- Ph.D. Biology, 2010, Duke University Department of Biology
- M.S. Botany, 2004, University of Oklahoma Department of Botany and Microbiology
- B.S. Biology 2002, University of Wisconsin-Stevens Point Department of Biology
- Postdoctoral Research Fellow, 2014 - 2015, SciLifeLab, University of Stockholm, Sweden
- Oberassistant, 2011– 2014, Institute of Systematic Botany, University of Zürich, Switzerland
I am a plant evolutionary biologist using modern research methods to explore the fundamental processes responsible for generating Earth’s spectacular biological diversity. Specifically, my work aims to understand the causes and consequences of mating system evolution and the process of species divergence in plants. By leveraging modern DNA sequencing technologies and a diverse toolbox of analytical approaches including de novo genome assembly, quantitative genetics, population genomics, phylogenetic analysis, and bioinformatics, my research is expanding our knowledge of the genetic basis of plant evolution.
Plant Mating System Evolution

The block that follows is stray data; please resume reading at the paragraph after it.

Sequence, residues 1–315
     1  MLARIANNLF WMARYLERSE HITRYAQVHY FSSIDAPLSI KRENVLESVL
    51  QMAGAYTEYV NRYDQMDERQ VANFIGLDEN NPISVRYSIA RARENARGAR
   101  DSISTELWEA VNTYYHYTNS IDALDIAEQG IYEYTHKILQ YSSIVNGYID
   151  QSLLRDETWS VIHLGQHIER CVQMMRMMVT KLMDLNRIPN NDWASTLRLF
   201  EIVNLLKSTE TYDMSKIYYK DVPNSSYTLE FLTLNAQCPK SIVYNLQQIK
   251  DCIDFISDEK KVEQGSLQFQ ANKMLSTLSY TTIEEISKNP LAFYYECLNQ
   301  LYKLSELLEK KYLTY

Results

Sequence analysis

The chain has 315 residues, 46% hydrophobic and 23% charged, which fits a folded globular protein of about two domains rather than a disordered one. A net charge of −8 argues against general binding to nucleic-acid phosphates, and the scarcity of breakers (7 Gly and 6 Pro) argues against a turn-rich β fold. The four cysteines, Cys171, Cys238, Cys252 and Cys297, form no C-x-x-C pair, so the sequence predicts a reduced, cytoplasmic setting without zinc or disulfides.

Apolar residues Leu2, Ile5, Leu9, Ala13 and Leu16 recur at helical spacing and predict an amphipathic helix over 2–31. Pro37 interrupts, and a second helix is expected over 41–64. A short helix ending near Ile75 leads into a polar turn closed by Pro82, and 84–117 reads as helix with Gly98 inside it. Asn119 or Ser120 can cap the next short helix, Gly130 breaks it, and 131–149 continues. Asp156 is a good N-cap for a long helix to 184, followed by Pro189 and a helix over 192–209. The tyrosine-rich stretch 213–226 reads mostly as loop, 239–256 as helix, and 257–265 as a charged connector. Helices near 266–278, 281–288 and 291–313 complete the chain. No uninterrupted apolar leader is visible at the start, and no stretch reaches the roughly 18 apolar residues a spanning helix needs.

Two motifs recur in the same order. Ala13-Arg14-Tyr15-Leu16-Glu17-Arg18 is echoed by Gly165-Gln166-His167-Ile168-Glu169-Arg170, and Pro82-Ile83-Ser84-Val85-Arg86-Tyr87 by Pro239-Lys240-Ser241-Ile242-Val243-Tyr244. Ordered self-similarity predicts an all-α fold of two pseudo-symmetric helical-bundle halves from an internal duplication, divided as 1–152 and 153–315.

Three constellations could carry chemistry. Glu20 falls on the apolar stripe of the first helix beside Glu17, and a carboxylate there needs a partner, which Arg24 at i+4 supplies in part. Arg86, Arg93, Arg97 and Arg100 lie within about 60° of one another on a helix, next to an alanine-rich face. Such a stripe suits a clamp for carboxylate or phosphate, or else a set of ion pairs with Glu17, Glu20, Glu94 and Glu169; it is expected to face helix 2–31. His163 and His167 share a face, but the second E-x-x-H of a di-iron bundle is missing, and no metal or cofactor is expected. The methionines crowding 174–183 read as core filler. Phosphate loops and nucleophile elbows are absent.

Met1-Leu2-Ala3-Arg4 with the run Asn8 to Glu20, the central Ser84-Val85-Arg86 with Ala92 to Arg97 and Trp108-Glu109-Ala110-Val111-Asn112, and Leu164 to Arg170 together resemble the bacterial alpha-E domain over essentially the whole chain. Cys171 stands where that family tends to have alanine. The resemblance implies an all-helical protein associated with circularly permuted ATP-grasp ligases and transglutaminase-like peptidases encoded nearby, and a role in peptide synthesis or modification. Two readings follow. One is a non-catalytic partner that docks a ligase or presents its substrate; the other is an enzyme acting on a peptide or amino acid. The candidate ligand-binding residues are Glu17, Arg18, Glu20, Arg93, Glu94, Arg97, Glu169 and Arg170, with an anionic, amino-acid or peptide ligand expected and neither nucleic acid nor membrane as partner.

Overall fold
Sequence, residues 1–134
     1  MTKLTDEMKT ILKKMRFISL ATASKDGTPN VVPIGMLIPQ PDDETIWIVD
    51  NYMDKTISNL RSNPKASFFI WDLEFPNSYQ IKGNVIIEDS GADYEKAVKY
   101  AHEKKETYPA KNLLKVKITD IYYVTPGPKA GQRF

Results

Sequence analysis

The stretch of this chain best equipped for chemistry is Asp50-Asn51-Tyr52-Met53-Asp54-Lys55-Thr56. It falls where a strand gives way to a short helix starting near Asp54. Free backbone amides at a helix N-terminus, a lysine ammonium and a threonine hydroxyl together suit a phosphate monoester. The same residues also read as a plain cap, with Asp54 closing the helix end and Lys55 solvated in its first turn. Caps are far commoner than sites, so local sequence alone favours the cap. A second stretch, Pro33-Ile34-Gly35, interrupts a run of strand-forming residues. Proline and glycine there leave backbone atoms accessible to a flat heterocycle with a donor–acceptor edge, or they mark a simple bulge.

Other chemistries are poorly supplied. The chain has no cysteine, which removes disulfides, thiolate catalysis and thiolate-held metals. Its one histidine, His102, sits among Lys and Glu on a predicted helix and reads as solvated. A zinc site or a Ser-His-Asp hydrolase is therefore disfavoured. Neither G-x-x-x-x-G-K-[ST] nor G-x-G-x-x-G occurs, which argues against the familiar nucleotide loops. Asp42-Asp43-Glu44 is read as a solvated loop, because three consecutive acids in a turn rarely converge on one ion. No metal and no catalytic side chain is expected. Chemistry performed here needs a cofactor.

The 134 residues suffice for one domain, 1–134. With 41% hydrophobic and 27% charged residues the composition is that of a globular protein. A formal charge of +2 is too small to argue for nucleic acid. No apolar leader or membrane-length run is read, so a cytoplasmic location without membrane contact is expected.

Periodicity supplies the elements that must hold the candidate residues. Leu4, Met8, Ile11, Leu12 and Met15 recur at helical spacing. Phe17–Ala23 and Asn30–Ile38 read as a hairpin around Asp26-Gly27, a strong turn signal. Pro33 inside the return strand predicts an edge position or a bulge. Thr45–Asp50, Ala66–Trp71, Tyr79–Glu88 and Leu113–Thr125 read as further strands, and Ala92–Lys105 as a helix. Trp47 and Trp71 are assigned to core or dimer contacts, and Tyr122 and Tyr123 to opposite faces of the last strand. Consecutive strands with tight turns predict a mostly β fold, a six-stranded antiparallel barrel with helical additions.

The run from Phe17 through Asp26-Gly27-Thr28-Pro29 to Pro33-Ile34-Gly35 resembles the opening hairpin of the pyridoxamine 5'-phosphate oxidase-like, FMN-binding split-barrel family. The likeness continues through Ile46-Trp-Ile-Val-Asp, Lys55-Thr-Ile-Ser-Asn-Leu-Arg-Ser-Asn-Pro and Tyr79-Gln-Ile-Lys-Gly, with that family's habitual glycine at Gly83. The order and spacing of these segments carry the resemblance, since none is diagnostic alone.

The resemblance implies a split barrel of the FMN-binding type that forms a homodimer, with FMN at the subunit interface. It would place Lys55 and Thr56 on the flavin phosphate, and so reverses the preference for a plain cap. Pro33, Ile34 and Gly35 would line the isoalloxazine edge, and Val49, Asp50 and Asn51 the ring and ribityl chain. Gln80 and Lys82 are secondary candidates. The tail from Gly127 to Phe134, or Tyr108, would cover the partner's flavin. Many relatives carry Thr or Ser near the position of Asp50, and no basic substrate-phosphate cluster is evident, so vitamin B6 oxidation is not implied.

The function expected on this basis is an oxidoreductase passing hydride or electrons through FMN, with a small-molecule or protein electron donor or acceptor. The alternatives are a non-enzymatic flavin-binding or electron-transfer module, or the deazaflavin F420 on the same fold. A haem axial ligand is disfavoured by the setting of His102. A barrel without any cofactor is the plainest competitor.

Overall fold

Mating systems in plants are expressed through a variety of genetic and morphological mechanisms that have significant impacts on the genetic structure and diversity of populations. Despite the prevalence and importance of such mechanisms in the flowering plants, very little is known about the identity and function of genes that determine mating types. In my research, I work toward understanding the function and evolution of mating type loci and the evolutionary consequences of the mating system shifts that result from mating type loci disfunction. During my PhD research, my work was focused on characterizing the self-incompatibiliity locus functioning in coffee trees (genus Coffea, Rubiaceae; Nowak et al. 2011). By comparing the diversity of self-incompatibility alleles in Mauritian versus Madagascan and African coffee trees, we were able to estimate the size of the population that likely colonized that volcanic island approximately 2 million years ago (Nowak et al. 2014). My future work along these lines is focused on identifying the phylogenetic extent of this self-incompatibility system in the coffee family (Rubiaceae), and characterizing the function and diversity of the male component of the coffee self-incompatibility mechanism.